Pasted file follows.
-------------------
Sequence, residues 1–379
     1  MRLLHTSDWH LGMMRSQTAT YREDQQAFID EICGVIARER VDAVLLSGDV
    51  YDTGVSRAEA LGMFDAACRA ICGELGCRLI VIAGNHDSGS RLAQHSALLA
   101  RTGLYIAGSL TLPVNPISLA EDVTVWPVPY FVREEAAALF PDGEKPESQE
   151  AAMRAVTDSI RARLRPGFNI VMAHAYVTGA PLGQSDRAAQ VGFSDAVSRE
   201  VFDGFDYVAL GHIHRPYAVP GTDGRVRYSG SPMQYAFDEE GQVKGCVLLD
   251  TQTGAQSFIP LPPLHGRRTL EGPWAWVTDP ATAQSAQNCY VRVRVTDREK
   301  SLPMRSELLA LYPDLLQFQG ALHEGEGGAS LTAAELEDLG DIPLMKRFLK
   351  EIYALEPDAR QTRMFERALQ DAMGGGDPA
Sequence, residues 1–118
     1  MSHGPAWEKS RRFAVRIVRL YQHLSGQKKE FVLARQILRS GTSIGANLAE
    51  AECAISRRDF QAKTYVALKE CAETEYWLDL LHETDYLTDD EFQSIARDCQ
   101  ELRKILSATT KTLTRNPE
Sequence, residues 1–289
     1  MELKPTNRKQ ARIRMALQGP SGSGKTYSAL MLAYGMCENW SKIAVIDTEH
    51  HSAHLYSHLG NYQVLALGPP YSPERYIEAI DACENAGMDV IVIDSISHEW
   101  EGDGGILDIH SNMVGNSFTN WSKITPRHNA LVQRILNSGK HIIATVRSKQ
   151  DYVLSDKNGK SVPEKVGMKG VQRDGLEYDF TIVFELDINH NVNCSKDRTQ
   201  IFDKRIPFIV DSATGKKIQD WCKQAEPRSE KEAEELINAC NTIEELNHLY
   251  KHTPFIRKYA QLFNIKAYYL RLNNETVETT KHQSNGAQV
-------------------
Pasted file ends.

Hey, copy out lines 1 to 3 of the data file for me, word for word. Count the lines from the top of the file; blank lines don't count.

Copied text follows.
Sequence, residues 1–379
     1  MRLLHTSDWH LGMMRSQTAT YREDQQAFID EICGVIARER VDAVLLSGDV
    51  YDTGVSRAEA LGMFDAACRA ICGELGCRLI VIAGNHDSGS RLAQHSALLA